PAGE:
Fancy "a feast of cheesy love?" Head to Chinaby Helen Gao / July 17, 2014 / Leave a comment
Published in August 2014 issue of Prospect Magazine
Among my numerous conversations with Chinese friends during my first months in America in 2005, one has lingered with me. “I realised today,” said a high school friend who was just starting his freshman year at Duke University, “that the word ‘cheese’ is essentially useless. Here, people call each kind of cheese by its name, and I don’t know any of them.”
At the time, the complaint felt like an apt encapsulation of my own struggles as a Chinese newcomer in a New England private school, where everything from the fast-paced seminar discussions to the ritualistic Sunday dinners seemed to entail an unfamiliar set of languages and manners. Back in China, my friend and I had learned to solve tricky algebra questions and memorised esoteric English vocabulary. But here, we couldn’t call cheese by its name.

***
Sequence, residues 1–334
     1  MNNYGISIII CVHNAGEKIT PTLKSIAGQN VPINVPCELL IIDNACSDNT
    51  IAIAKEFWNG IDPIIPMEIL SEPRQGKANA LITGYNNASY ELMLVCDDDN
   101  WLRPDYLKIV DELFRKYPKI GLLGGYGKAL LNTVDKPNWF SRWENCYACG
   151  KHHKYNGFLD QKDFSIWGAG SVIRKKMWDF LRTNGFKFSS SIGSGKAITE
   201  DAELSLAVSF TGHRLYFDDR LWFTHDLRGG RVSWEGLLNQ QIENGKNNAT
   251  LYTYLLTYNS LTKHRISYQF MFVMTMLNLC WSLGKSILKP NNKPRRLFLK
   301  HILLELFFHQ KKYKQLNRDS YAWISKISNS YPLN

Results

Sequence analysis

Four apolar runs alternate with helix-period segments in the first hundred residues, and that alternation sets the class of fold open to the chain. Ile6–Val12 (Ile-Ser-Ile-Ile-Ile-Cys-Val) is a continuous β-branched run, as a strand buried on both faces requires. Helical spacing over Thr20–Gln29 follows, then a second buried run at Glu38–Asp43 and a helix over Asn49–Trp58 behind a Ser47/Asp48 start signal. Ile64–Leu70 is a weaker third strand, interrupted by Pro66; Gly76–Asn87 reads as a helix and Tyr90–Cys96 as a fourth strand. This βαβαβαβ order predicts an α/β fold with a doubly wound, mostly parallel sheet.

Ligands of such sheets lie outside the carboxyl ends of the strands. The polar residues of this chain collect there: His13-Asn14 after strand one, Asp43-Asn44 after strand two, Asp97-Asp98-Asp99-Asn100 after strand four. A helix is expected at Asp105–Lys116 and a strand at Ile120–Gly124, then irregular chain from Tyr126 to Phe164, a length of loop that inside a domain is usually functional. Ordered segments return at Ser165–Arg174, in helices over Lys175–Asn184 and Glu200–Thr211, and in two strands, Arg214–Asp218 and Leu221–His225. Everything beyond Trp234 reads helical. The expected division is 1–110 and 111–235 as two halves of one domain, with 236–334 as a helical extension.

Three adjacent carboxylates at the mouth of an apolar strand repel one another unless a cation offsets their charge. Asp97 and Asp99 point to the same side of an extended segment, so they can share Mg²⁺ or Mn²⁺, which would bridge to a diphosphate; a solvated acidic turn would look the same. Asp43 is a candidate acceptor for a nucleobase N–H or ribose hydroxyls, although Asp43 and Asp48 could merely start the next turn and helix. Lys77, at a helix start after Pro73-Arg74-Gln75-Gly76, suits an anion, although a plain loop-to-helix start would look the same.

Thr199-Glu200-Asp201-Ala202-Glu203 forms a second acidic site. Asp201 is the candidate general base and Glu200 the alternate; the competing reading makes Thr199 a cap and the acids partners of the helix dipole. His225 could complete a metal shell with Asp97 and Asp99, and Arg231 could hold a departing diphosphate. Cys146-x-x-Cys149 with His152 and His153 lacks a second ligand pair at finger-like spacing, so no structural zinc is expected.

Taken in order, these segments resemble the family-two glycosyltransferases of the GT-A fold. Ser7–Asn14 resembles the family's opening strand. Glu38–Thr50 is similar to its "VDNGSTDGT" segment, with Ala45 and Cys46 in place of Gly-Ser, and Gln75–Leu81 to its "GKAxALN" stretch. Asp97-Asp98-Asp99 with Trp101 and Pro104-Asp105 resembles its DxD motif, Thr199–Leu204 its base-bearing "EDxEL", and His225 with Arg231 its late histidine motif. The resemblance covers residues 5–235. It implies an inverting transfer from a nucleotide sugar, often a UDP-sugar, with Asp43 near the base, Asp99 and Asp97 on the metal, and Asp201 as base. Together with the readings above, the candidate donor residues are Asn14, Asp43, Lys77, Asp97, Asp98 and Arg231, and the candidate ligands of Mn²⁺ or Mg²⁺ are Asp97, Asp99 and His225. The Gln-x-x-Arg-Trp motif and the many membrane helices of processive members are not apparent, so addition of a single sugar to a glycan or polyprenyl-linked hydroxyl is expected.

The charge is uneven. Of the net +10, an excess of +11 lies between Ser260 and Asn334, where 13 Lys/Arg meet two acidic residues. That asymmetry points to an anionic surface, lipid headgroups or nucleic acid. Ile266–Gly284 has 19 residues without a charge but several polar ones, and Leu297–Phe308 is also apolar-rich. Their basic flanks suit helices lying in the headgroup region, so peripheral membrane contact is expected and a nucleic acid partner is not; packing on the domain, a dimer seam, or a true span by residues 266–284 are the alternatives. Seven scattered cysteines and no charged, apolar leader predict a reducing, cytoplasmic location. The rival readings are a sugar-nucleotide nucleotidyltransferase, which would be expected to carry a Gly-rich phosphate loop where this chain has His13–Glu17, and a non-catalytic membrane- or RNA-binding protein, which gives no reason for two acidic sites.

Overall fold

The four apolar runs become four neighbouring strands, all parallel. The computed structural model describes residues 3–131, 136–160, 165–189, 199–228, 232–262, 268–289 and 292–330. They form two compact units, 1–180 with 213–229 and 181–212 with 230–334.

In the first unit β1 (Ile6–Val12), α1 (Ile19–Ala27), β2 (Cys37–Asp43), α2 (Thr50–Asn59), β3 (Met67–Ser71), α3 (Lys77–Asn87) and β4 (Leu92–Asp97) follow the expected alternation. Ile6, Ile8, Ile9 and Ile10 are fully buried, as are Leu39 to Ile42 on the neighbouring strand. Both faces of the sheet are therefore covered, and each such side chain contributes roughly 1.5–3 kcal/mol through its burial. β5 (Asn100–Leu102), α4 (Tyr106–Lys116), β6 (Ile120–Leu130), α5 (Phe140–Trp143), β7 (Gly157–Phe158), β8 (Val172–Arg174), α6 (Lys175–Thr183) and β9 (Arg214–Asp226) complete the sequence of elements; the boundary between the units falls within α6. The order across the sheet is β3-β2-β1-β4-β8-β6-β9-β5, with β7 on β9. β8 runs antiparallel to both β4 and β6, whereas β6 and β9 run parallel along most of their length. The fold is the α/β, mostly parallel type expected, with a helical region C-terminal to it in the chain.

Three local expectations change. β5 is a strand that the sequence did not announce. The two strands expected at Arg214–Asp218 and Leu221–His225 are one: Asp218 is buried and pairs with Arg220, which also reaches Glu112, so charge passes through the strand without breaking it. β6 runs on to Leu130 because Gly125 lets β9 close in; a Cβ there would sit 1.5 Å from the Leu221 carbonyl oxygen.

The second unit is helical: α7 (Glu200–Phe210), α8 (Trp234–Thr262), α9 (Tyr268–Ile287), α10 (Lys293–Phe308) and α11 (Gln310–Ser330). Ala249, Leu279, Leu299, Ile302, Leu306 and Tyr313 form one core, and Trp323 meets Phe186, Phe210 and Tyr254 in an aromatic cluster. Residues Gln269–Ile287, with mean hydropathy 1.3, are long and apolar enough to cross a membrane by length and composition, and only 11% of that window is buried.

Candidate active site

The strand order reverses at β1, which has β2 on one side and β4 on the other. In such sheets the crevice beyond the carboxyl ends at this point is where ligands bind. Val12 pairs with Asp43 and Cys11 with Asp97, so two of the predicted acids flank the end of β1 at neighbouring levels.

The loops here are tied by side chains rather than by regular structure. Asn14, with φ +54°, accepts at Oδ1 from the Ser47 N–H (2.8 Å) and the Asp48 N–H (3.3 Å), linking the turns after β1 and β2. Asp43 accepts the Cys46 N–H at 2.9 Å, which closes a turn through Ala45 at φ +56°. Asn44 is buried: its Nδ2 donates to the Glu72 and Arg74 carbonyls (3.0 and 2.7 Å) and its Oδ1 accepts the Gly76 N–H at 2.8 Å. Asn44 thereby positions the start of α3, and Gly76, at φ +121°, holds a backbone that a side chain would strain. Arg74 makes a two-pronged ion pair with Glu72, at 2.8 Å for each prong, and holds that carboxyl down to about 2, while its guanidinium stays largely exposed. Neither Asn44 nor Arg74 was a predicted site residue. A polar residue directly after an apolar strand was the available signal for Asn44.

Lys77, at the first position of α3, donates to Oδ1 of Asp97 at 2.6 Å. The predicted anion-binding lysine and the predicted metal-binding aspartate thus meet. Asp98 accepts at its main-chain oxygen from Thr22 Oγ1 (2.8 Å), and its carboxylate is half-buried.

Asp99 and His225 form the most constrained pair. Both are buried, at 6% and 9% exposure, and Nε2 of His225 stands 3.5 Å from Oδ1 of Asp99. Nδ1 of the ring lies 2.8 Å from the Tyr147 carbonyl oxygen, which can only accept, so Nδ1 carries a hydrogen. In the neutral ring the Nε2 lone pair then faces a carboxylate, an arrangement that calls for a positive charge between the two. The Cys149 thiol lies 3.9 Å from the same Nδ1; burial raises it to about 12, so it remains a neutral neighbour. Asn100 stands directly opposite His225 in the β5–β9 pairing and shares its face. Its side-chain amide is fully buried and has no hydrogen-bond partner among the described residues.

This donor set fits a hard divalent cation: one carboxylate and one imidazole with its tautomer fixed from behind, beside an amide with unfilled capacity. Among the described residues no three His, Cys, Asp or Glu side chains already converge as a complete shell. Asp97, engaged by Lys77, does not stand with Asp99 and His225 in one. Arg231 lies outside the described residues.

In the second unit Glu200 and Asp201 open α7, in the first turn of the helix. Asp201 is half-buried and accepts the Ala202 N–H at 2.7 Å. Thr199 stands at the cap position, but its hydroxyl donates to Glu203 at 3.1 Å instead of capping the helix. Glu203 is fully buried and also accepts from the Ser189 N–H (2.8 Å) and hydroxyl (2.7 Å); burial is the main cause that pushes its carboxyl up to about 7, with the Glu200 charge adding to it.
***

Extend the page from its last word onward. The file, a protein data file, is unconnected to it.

Neither did the taste of cheese, with its tangy flavour and muttony punch, agree with my palate. Cheese is not part of the Chinese culinary tradition, except among ethnic minorities like the Mongols and Tibetans, who live near the country’s borders. (A high proportion of Chinese are lactose intolerant, but this does not prevent them from eating cheese, as the fermentation process removes most of the lactose.)